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By August 1, 2017Longevity, Random/Rants

Everyone desires to age well, rather than not, which makes healthy and purposeful longevity an unequivocally positive goal. One that is universally supported, right?

Sure, idealistically. But realistically, our social and political landscapes are cluttered with “causes,” all vying for public attention and government resources. For an issue as comparatively unattractive as “aging,” the need to shape public opinion and influence policymakers is especially challenging. And it will intensify as the older adult population grows in numbers and need.


For two decades, half of my career in public relations, I have attempted to help government agencies and nonprofit organizations navigate to and through this historic Age of Longevity. The experience – which includes publishing elder safety journals; directing a statewide public awareness campaign; providing public relations counsel to hundreds of nonprofit aging services providers; and serving two terms as a Governor’s appointee to the California Commission on Aging – has yielded countless lessons.

Here is a recap of my 20 years’ top 10 rewards and bottom 10 frustrations; a reflection on opportunities seized, missed or postponed.

(Note: The following musings (or shameless humblebrags) were prompted by Frustration #10; please at least skip to the end for the punchline.)


  1. 1998: Mickey Rooney starred as California’s self-proclaimed “Aging Czar,” declaring “Everyone is aging. Some of us just have more experience” in a statewide campaign to promote healthy aging.
  2. 2007: The “Aging is an Active Verb” public awareness campaign generated more the $2 million in donated airtime and earned a 2007 Emmy nomination.
  3. 2008: Displayed at the California State Capitol, the international art exhibition “Inside Alzheimer’s: Portraits of the Mind” featured the provocative series of self-portraits by William Utermohlen, who was living with Alzheimer’s.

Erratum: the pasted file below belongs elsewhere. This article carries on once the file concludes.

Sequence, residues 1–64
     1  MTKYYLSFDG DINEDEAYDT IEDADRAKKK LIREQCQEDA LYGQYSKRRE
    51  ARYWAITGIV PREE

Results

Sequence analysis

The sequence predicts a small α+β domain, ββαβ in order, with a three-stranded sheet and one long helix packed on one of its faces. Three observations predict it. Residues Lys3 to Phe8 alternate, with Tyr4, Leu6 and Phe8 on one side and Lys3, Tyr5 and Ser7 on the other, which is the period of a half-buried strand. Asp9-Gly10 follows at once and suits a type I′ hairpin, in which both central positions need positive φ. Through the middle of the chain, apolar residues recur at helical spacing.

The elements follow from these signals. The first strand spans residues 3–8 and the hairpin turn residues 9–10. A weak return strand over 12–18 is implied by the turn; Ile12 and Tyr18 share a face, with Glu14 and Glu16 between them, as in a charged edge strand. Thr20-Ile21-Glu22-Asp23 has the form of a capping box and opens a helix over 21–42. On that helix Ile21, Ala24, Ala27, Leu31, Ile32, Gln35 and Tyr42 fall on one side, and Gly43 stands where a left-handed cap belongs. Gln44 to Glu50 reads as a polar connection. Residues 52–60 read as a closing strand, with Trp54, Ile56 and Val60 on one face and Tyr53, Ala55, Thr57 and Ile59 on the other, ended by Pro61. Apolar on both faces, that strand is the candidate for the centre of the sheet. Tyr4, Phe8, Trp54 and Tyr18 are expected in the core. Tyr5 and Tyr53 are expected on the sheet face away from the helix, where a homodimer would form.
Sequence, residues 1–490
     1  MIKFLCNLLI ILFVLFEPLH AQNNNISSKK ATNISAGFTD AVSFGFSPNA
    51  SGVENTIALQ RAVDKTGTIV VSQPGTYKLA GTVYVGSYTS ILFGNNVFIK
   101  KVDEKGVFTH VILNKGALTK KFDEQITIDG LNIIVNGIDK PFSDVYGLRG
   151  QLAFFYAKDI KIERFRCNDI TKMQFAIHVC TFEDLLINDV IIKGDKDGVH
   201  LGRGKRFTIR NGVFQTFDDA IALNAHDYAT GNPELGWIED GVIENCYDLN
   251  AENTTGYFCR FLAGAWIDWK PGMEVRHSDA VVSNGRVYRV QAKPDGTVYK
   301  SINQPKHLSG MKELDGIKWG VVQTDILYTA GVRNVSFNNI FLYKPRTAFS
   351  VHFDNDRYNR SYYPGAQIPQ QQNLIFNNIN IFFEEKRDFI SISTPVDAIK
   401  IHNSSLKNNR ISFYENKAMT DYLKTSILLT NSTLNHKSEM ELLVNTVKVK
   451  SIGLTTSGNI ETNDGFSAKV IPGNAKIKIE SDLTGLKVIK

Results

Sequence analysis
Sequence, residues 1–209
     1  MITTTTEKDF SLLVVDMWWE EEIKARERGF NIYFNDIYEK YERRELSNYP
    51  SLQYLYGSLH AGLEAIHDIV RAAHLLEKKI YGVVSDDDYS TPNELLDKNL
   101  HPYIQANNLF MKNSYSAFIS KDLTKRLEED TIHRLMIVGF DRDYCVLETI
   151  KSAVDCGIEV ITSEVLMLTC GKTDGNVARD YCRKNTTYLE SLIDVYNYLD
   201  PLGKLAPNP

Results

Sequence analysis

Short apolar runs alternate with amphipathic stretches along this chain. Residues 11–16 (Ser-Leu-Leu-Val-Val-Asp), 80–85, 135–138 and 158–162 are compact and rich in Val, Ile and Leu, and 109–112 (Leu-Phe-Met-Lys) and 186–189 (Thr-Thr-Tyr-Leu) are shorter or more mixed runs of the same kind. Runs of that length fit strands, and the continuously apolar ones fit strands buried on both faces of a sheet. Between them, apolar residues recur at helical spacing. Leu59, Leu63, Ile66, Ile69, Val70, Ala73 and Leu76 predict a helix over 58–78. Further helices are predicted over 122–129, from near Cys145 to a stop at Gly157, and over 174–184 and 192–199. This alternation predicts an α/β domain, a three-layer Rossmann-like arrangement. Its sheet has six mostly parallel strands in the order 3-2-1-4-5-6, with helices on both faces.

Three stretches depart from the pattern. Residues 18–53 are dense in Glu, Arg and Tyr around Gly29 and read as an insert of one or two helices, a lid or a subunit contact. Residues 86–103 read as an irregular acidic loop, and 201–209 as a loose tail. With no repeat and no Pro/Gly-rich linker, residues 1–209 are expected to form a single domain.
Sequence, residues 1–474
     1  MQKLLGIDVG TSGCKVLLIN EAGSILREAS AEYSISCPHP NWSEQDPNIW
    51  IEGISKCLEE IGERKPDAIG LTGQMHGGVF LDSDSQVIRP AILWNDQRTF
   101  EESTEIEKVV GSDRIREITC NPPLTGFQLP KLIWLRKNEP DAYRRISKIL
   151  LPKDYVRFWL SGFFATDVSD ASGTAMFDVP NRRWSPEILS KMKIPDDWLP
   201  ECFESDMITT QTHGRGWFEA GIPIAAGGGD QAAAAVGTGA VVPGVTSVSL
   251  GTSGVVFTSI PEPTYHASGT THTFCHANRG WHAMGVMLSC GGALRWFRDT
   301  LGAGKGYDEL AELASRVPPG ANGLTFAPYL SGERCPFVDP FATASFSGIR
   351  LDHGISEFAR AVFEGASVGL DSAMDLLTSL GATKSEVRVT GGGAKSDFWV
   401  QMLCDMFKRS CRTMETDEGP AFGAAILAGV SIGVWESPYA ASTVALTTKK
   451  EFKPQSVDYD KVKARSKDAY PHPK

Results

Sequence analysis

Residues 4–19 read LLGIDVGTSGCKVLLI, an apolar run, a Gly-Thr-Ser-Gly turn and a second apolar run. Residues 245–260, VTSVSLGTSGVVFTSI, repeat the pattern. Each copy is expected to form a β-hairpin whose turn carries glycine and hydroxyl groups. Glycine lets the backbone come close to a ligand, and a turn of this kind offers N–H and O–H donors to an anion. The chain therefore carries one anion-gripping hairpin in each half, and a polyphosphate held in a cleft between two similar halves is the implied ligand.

4. 2009: Media Takes: On Aging, co-published by the Pulitzer-winning author Robert M. Butler, M.D. and his International Longevity Center, and Aging Services of California (now LeadingAge California) is a guidebook for writers to accurately represent aging and older adults.
  5. 2010: The book Longevity Rules showcased empowering and often provocative essays by 34 of the nation’s leading authorities on “How to Age Well Into the Future.”
  6. 2010: Proof that dreams are ageless, dozens of senior living residents experience their “Thrill of a Lifetime” each year courtesy of this altruistic initiative. Thrills produced ranged from motorcycle rides and whitewater rafting trips, to receiving a first-ever bouquet of flowers, to becoming an official Girl Scout at 100, to most notably reuniting two Japanese brothers who were separated for 60 years after losing touch during WWII.
  7. 2011: The acclaimed short film “Life is a Ball,” created by Pilotfish Productions, highlighted the parallel lives of an older adult and a tennis ball as both discover purpose with age. “It’s the enthusiast’s manifesto for locating worth and value in age,” wrote ChangingAging founder Bill Thomas, M.D.